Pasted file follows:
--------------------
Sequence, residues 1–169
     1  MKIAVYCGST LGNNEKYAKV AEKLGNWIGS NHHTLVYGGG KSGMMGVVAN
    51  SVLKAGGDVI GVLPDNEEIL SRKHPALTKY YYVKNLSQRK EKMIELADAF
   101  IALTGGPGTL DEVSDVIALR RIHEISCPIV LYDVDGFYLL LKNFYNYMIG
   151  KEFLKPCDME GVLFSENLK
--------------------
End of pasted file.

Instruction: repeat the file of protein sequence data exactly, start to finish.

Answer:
Sequence, residues 1–169
     1  MKIAVYCGST LGNNEKYAKV AEKLGNWIGS NHHTLVYGGG KSGMMGVVAN
    51  SVLKAGGDVI GVLPDNEEIL SRKHPALTKY YYVKNLSQRK EKMIELADAF
   101  IALTGGPGTL DEVSDVIALR RIHEISCPIV LYDVDGFYLL LKNFYNYMIG
   151  KEFLKPCDME GVLFSENLK